Fig. 1. Representative wound view and CT scans of the case. A: First look of the wound at the emergency room. Penetrating neck injury, Zone II with “L” shape laceration 25 cm sized. Below vocal cord level thyroid cartilage fracture was noted. B, C: Diffuse emphysema and hematoma formation, thyroid cartilage fracture c laryngeal hematoma formation. no definite major vessel injury was noted. CT: computed tomography.
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Neck computed tomography (CT) revealed diffuse emphysema and hematoma formation around the wound. Especially large soft tissue defect at anterior neck which exposed fractured thyroid cartilage (Fig. 1B, C). Also marked soft tissue swelling was visualized which lead to airway narrowing at oropharynx to larynx area. Otherwise, there was no major vessel injury.

According to ATLS, to ensure the airway stability, rapid sequenced intubation was done. At first, tube was inserted through lacerated lesion, which lead to vomiting food materials. Second, endotracheal intubation was successfully inserted. After intubation, the patient underwent mechanical ventilation with sedation. Bleeding was controlled with compression and circulation was secured proved by stable vital sign. No definite neurological deficit was found.

The patient underwent surgical exploration under general anesthesia in the operating room. Intraoperative findings: communicated fracture of the thyroid cartilage, no major vessel injury, and no esophagus injury. Upper epiglottis was lacerated and glottis was not injured including true vocal cord (Fig. 2A). In the operation, there were no injury to the both cervical vasculature and nerve. Fractured thyroid cartilage, especially upper portion, was removed and remain cartilage were suspended to hyoid bone. We sutured the remaining left portion of thyroid cartilage and right portion of cricoid cartilage with hyoid bone and remnant epiglottis according to cricohyoidoepigotopexy procedure (Fig. 2B, C). Nearby strap muscle, the sternohyoid muscle was used to reinforce cricohyoidoepigotopexy site. Laryngeal stent was not placed because there was no injury to the true vocal cord and integrity of larynx was well sustained by the pexy procedure. Drain was placed on the strap muscle and the wound was sutured layer by layer. Lastly, conventional tracheostomy was done to ensure long-term airway.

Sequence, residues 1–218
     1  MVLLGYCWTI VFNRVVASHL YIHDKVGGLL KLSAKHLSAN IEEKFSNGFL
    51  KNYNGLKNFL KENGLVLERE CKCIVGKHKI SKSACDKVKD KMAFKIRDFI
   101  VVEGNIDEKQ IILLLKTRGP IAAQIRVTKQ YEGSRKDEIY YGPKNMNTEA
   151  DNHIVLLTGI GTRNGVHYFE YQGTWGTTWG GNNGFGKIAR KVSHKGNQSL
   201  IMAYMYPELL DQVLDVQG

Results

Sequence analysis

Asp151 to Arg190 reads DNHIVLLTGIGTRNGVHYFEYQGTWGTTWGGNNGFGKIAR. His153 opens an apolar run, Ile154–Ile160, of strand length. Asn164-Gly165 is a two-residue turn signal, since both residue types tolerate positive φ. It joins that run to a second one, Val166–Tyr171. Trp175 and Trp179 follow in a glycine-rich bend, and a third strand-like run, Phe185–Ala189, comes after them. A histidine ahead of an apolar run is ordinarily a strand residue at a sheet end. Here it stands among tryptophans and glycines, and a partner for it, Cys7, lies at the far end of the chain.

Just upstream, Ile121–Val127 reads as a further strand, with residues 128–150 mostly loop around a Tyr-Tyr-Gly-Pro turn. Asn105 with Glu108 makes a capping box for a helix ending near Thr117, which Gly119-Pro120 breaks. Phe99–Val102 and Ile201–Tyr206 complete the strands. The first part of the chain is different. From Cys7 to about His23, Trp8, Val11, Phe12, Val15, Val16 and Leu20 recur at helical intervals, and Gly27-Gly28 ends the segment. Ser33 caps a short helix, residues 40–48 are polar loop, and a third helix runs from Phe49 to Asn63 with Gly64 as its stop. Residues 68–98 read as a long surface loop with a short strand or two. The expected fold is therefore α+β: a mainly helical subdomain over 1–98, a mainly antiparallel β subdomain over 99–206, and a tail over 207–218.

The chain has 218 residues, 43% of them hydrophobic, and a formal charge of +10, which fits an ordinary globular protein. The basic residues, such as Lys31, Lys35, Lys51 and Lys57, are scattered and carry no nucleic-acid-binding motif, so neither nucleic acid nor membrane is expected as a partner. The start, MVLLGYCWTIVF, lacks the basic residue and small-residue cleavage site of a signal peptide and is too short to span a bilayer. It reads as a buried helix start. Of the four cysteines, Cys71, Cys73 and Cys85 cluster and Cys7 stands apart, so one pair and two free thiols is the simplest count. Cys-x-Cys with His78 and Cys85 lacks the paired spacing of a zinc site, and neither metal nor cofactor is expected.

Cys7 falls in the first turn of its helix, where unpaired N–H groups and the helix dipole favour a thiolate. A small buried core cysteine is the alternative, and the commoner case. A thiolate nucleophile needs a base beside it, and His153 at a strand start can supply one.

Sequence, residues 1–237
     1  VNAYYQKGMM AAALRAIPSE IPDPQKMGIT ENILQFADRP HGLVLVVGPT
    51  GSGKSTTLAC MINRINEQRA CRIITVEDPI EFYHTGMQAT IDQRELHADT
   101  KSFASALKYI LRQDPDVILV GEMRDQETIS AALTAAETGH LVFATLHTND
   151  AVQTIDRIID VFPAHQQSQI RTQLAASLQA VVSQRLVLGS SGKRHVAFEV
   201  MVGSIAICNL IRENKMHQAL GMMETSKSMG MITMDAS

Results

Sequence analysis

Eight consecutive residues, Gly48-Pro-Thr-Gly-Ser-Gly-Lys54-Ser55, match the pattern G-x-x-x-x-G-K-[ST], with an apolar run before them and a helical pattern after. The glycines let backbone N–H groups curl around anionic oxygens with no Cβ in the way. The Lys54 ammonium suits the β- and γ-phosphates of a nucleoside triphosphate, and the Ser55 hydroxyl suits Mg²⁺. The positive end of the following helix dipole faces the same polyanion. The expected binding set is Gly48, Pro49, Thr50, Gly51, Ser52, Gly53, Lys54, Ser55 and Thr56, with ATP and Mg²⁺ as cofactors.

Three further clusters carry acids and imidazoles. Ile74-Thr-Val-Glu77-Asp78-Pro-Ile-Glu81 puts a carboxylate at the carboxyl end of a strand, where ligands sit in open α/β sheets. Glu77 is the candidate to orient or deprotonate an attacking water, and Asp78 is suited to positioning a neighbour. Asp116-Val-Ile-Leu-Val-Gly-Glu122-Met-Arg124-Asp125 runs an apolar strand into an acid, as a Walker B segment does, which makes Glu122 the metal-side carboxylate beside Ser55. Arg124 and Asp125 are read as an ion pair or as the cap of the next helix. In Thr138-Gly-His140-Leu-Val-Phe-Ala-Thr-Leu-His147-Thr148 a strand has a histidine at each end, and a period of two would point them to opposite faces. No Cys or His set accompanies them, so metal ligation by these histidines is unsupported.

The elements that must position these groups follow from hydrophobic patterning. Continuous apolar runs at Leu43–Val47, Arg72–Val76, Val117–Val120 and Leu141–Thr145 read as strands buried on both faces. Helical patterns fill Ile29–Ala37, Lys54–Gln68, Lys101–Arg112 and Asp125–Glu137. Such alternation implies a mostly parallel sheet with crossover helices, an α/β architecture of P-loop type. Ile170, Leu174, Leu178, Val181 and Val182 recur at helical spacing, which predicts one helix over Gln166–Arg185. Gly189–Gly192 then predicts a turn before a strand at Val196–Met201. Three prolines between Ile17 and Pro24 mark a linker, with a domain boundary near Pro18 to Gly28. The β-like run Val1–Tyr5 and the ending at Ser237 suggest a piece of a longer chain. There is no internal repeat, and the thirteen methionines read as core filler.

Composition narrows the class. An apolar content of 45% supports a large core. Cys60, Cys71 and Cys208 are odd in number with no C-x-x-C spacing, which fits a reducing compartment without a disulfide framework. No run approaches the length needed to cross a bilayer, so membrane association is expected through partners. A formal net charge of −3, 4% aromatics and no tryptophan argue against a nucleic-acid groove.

Fig. 2. Representative intraoperative images of the case. Intraoperative finding: Communicated fracture of thyroid cartilage, upper portion, no major vasculature injury, no esophagus injury was noted (A). Upper fractured thyroid cartilage resection was placed. Endotracheal tube was revealed through the wound (B). Suspension of remaining thyroid cartilage to hyoid and epiglottis. Cricohyoidoepiglotopexy procedure, reinforced the pexy site with strap muscle (C).
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Admitted to intensive care unit after the surgery, the patient weaned mechanical ventilation at day 6. Wound swelling and pus was noted on the day 9. Neck CT was taken immediately and revealed fluid collection rather than abscess. The wound was irrigated and pus was drained and pus culture was done. The culture showed no growth. No more swelling was noted. Empirical antibiotics (ampicillin/sulbactam) was maintained. On day 14, follow up neck CT showed hyoid and cricoid/thyroid cartilage in good alignment and improved soft tissue swelling (Fig. 3A, B). On the same day, laryngoscopy showed saliva pooling and edematous larynx, and clear both vocal cord movement was noted (Fig. 3C). The patient was admitted to ENT (ear, nose, throat) ward from intensive care unit on day 16. Day 17, tracheostomy tube was removed, and no dyspnea was apparent. During postoperative care, there was a couple trials to swallowing which end up in aspiration. According to video-fluorescent swallowing study, the patient needed to keep tube feeding and longer time for swallowing rehabilitation. The patient was transferred to a special rehabilitation center at day 20. 3 months after the surgery, the patient visited our clinic for follow up and to remove remaining suture from the surgery. He had no difficulty in food swallowing, and speaking was fully recovered. Laryngoscopy showed well healed mucosa with remnant epiglottis. Laryngeal structures were well aligned (Fig. 4).